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 John Ingersoll Coggeshall  (1856 - 1927)

About: John Ingersoll Coggeshall
 

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Lived/Active: Massachusetts      Known for: sea-landscape, genre, harborview

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Ad Code: 4
John Ingersoll Coggeshall
from Auction House Records.
A Whale Ship on the Northwest Coast Cutting in a Right Whale
Artwork images are copyright of the artist or assignee
Biography from Whistler House Museum of Art:
The following is from Peter Kostoulakos, ISA Fine Art Consultant
www.pkart.com

John Ingersoll Coggeshall
1856-1927

John Ingersoll Coggeshall — painter, photographer, and engraver of genre, landscapes, marines, harbors, and coastal scenes— was born in Fall River, MA in 1856 and died on March 8, 1927 in Lowell, MA. Devoted husband, father, grandfather, writer, poet, businessman, scout leader and teacher as well as a member of the state militia, the Kirk Street Congressional Church and the Sons of the American Revolution — Coggeshall did it all!

Coggeshall moved to Lowell, MA in 1877 — just one year after the Centennial Exposition in Philadelphia and after serving an engraving apprenticeship in Boston, MA. Lowell was becoming a community interested in, and supportive of, the fine and applied arts.  The Lowell Art Association, established in 1878 and the Camera Club, established in 1892, were to become major components of his life.

When Coggeshall arrived in Lowell, he worked at the engraving firm of James E. Rice located at 31 Central Street and painted with two close friends: William Preston Phelps (1848-1923) and Walter Shirlaw (1838-1909). Phelps — teacher and mentor to Coggeshall — considered him to be one of his finest pupils. Phelps' American and European training influenced Coggeshall's style of realism in his marine and landscape paintings.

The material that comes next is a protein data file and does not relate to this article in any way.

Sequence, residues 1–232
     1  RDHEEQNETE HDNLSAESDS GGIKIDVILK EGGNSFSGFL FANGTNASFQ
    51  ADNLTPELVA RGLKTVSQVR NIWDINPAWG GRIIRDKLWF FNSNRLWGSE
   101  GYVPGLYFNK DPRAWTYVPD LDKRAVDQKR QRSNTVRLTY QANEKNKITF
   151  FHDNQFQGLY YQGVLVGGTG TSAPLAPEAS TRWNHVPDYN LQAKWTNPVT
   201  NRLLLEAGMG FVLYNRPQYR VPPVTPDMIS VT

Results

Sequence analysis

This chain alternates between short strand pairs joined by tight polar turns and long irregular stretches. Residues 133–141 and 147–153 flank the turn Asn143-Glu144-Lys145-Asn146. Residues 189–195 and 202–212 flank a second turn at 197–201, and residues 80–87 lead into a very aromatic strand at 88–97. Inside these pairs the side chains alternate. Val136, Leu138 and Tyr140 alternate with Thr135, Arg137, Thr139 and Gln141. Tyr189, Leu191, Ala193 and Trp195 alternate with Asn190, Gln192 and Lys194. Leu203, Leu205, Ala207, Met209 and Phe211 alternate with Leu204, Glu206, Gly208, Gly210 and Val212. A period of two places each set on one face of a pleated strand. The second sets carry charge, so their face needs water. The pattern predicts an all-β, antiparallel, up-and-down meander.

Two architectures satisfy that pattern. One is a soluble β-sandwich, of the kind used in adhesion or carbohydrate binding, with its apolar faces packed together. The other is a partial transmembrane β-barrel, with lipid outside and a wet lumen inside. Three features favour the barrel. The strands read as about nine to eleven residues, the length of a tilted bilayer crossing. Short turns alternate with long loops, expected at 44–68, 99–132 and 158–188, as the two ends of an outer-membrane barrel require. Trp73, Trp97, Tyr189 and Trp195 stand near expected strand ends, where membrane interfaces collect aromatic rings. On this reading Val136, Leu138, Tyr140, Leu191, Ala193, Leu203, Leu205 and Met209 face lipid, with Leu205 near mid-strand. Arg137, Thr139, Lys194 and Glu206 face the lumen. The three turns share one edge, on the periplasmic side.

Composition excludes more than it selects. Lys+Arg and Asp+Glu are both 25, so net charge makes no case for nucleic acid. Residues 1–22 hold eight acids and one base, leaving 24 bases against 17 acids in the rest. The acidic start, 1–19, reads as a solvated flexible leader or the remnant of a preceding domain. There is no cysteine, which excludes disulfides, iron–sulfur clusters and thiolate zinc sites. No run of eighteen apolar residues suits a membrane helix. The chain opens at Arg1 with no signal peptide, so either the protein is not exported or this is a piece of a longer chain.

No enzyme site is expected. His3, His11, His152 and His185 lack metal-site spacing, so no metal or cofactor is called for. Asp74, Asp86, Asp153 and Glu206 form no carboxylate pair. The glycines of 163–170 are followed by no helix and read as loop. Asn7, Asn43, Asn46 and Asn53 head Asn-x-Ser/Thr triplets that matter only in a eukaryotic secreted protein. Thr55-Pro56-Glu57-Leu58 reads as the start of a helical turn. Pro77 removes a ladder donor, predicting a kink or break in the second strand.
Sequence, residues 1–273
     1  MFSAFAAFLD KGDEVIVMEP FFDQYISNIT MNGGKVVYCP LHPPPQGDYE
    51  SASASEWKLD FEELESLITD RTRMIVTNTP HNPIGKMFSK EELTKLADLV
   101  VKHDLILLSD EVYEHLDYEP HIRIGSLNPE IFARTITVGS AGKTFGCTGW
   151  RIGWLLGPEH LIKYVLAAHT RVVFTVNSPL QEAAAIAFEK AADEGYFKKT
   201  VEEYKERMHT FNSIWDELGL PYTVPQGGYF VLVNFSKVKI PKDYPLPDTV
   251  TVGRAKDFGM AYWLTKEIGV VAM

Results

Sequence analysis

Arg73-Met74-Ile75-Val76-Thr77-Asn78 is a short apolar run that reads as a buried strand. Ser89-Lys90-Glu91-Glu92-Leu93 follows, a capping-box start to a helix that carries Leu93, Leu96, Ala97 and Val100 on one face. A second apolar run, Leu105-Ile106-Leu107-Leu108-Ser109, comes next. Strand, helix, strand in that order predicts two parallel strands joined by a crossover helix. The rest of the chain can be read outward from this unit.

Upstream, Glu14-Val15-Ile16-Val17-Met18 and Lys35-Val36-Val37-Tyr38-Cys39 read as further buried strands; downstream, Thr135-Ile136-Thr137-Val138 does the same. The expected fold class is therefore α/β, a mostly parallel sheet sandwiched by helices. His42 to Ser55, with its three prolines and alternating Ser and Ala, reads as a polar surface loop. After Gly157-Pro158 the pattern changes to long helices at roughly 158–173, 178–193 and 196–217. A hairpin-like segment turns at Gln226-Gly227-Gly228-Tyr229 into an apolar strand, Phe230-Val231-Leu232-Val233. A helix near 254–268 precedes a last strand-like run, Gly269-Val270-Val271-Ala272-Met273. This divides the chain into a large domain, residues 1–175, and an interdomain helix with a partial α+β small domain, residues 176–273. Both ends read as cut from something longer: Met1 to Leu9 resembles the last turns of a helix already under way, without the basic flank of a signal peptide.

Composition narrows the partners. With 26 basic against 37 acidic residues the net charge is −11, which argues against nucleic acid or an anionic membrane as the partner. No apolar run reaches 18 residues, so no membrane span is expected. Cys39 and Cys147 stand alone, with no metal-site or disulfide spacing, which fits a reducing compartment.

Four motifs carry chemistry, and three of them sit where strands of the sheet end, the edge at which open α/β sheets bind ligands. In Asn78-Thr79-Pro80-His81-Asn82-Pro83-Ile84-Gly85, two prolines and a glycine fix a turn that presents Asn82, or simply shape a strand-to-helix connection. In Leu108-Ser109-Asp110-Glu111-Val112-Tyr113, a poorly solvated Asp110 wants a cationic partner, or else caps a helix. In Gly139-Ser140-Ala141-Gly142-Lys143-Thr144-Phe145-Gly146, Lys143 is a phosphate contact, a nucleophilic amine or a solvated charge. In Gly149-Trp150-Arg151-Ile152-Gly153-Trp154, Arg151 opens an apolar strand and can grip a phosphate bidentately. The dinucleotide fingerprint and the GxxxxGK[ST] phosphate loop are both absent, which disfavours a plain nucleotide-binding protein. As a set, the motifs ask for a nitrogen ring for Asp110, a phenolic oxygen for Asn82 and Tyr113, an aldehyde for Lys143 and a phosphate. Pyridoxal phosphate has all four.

Coggeshall's early work is representative of the American Tonalists: his later work, brighter in color, was somewhere between the Hudson River School and American Impressionism. At the turn of the century, he began to paint the urban scenes popularized by New York painters. Coggeshall often sketched out of doors in pencil and watercolor. With his good friend Phelps, he would paint in areas around Lowell and the Monadnock region of New Hampshire. During the summer months he painted the ocean near Boston Harbor and Gloucester.

John I. Coggeshall became interested in photography before it was given the same status as painting and sculpture. His photographs — portraits, city scenes, buildings, and interiors — are documents of life at his time and studies for future paintings. His daughter, Mrs. MacDonald, donated twenty-one of his photographs and negatives to the Center for Lowell History.

Coggeshall's engraving business produced advertising and logo designs for many businesses in the greater Lowell area, including an 1878 engraving for the heading of the first issue of the Lowell Sun. He made many engravings from his own photographs, especially industrial buildings for E. B. Conant, a Lowell auctioneer.


References: Who Was Who in American Art, vol. I, page 121; Davenport's Art Reference 2001/2002, page 423; Boston Art Club Exhibition Record 1873-1909, page 119; Patrick J. Mogan Cultural Center (brochure) 1994; Whistler House Museum of Art files.


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